1. Descriptive – Descriptive marks are those that immediately bring to mind the characteristics, features, and qualities of the product and/or service, such as its composition, functions, ingredients, purpose, and/or use. These kinds of marks are often eligible for a form of limited protection. One example is Vision Center™, where the word “vision” brings eye care services to the mind.
  1. Suggestive – Suggestive marks are words that arouse an attribute or a characteristic of the products or services it represents, but does not describe the products or services themselves. As opposed to a mere descriptive mark, suggestive marks require the consumer to apply their creative ability, in order to associate the word with the product. Coppertone® implies a “copper tone” for consumers with their tanning products, and Microsoft® signifies software.
  1. Arbitrary – Arbitrary marks are words which have no logical relationship to the product. Even generic terms applied to unrelated products and services are considered Arbitrary. Some examples are Apple®, which makes computers and electronics, and Penguin®, which publishes books.
  1. Fanciful – Fanciful marks are the strongest and most unique marks of all. These words are completely new and invented for the sole purpose of being used as a brand and a trademark for the company. We see these quite often in corporate giants, such as Clorox®, Exxon®, Google®, and Starbucks®.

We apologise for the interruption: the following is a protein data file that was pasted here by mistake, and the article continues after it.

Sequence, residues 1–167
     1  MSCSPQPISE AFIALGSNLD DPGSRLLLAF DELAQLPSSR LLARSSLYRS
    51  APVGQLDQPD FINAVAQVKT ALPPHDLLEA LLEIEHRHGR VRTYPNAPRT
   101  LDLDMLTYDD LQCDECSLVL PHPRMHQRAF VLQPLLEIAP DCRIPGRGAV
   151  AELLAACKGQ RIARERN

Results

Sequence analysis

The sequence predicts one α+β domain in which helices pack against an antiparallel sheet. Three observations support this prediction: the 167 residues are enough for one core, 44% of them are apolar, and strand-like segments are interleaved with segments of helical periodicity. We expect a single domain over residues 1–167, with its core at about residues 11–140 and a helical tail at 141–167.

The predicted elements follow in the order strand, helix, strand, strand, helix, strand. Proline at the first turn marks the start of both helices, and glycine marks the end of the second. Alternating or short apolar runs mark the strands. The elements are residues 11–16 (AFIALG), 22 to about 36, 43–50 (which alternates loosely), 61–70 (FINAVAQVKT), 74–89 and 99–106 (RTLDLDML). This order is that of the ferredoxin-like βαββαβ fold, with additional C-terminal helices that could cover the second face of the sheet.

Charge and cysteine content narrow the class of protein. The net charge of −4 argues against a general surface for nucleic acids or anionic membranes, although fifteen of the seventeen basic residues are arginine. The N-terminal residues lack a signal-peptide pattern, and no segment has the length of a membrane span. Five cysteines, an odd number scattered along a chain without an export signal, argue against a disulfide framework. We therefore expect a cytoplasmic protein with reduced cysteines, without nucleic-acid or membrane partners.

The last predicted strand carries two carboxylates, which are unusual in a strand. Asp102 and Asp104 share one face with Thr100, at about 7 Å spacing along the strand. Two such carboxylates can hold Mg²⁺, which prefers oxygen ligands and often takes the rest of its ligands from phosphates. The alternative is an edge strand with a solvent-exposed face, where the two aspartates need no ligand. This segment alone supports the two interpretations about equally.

Proper Trademark Use

A trademark’s significance leads to the importance of its proper use. Whenever a trademark is written out, it should be accompanied by one of two symbols: ™ or ®. These symbols may look familiar, since they appear regularly in our daily lives. The first symbol, ™, indicates to the public, along with the rest of the industry, that you are claiming this trademark as yours. ®, on the other hand, signifies that the trademark present has been officially registered with the US Patent and Trademark Office. The second step in properly using a trademark is it should be distinguishable in one of four ways: ALL CAPS, bold, italics, or underlined. It is imperative that the trademark is used constantly and consistently. Any alteration or decline in usage, presents a person with the opportunity to argue that the mark has been abandoned

Trademark Rights and Registration